EPJ Web of Conferences
Volume 87, 2015EC18 - 18th Joint Workshop on Electron Cyclotron Emission and Electron Cyclotron Resonance Heating
|Number of page(s)||4|
|Published online||12 March 2015|
A Multifrequency Notch Filter for Millimeter Wave Plasma Diagnostics based on Photonic Bandgaps in Corrugated Circular Waveguides
1 Max-Planck-Institut für Plasmaphysik, EURATOM-IPP, Boltzmansstr.2, D-85748, Garching
2 Institut für Grenzflächenverfahrenstechnik und Plasmatechnologie, Univ. Stuttgart, D-70569 Stuttgart, Germany
3 Karlsruhe Institute of Technology, EURATOM-KIT, Institut für Hochleistungsimpuls- und Mikrowellentechnik, D-76021, Karlsruhe, Germany
4 Dutch Institute for Fundamental Energy Research, EURATOM-DIFFER, Edisonbaan 14, NL-3439 MN Nieuwegein, The Netherlands
a Corresponding author: firstname.lastname@example.org
Published online: 12 March 2015
Sensitive millimeter wave diagnostics need often to be protected against unwanted radiation like, for example, stray radiation from high power Electron Cyclotron Heating applied in nuclear fusion plasmas. A notch filter based on a waveguide Bragg reflector (photonic band-gap) may provide several stop bands of defined width within up to two standard waveguide frequency bands. A Bragg reflector that reflects an incident fundamental TE11 into a TM1n mode close to cutoff is combined with two waveguide tapers to fundamental waveguide diameter. Here the fundamental TE11 mode is the only propagating mode at both ends of the reflector. The incident TE11 mode couples through the taper and is converted to the high order TM1n mode by the Bragg structure at the specific Bragg resonances. The TM1n mode is trapped in the oversized waveguide section by the tapers. Once reflected at the input taper it will be converted back into the TE11 mode which then can pass through the taper. Therefore at higher order Bragg resonances, the filter acts as a reflector for the incoming TE11 mode. Outside of the Bragg resonances the TE11 mode can propagate through the oversized waveguide structure with only very small Ohmic attenuation compared to propagating in a fundamental waveguide. Coupling to other modes is negligible in the non-resonant case due to the small corrugation amplitude (typically 0.05·λ0, where λ0 is the free space wavelength). A Bragg reflector for 105 and 140 GHz was optimized by mode matching (scattering matrix) simulations and manufactured by SWISSto12 SA, where the required mechanical accuracy of ± 5 μm could be achieved by stacking stainless steel rings, manufactured by micro-machining, in a high precision guiding pipe. The two smooth-wall tapers were fabricated by electroforming. Several measurements were performed using vector network analyzers from Agilent (E8362B), ABmm (MVNA 8-350) and Rohde&Schwarz (ZVA24) together with frequency multipliers. The stop bands around 105 GHz (- 55dB) and 140 GHz (-60dB) correspond to the TE11-TM12 and TE11-TM13 Bragg resonances. Experiments are in good agreement with theory.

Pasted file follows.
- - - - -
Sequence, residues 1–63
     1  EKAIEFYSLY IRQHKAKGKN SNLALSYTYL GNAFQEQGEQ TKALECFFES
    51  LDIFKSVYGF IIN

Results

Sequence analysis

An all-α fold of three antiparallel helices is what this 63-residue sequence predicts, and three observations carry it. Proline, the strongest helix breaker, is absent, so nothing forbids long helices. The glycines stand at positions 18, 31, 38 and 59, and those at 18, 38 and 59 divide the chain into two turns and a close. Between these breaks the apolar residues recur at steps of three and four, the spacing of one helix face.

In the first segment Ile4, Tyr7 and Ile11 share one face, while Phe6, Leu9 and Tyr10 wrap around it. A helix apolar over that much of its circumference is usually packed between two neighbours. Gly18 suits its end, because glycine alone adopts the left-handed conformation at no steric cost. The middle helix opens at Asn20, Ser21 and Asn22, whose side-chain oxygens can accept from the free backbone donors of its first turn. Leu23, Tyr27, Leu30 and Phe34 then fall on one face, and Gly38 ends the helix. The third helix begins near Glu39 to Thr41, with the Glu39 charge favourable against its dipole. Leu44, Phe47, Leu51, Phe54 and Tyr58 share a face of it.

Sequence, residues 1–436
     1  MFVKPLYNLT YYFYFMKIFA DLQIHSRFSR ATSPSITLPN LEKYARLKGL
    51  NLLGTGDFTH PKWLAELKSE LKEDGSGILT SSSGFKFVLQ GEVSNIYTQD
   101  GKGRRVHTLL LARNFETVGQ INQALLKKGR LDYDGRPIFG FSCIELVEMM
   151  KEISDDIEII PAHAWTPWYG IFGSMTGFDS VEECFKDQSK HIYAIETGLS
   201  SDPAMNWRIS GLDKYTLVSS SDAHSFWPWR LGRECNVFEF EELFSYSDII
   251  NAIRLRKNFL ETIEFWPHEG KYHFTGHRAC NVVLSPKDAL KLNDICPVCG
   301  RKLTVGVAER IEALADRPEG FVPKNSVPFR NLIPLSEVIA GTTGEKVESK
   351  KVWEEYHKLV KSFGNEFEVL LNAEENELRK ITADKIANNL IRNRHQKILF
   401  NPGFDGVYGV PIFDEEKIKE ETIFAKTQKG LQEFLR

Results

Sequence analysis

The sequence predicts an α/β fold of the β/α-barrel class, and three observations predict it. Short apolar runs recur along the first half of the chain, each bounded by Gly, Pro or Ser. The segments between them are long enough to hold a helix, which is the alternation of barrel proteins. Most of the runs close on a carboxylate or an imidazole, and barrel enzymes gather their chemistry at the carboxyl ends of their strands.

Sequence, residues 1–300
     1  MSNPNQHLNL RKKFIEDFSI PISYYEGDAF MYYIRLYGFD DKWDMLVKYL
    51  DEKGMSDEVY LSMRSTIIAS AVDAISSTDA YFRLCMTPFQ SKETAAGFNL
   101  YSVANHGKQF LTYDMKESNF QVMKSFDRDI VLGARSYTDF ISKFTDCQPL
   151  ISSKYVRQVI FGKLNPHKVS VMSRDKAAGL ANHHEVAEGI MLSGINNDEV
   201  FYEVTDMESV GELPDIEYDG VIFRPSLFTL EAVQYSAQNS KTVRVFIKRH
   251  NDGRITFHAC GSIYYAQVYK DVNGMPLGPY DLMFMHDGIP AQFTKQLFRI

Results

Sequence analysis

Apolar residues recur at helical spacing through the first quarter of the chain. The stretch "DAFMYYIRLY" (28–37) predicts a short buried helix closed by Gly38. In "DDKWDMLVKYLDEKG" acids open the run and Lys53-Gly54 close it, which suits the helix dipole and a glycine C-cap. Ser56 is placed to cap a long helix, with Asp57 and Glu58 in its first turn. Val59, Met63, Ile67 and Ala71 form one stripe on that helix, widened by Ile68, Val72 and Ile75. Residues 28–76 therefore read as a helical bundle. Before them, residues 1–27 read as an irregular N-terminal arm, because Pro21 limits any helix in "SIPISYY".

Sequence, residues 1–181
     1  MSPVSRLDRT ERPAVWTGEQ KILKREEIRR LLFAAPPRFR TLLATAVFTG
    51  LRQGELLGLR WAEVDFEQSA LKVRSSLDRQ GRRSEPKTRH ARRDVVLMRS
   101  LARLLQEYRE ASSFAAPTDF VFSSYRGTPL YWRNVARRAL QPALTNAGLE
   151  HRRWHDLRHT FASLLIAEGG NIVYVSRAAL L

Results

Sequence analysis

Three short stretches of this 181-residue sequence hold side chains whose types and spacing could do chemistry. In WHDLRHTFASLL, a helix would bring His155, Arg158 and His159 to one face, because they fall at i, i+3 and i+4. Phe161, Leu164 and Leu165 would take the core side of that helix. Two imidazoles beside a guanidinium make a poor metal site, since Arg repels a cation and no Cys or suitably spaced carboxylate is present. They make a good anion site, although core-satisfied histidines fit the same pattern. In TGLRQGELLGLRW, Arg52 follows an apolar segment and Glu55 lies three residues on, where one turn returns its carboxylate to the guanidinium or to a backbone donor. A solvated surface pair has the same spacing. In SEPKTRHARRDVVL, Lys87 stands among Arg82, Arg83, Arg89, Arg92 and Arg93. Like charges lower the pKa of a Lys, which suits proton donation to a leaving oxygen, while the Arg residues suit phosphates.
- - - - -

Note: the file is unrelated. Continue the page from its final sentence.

© Owned by the authors, published by EDP Sciences, 2015
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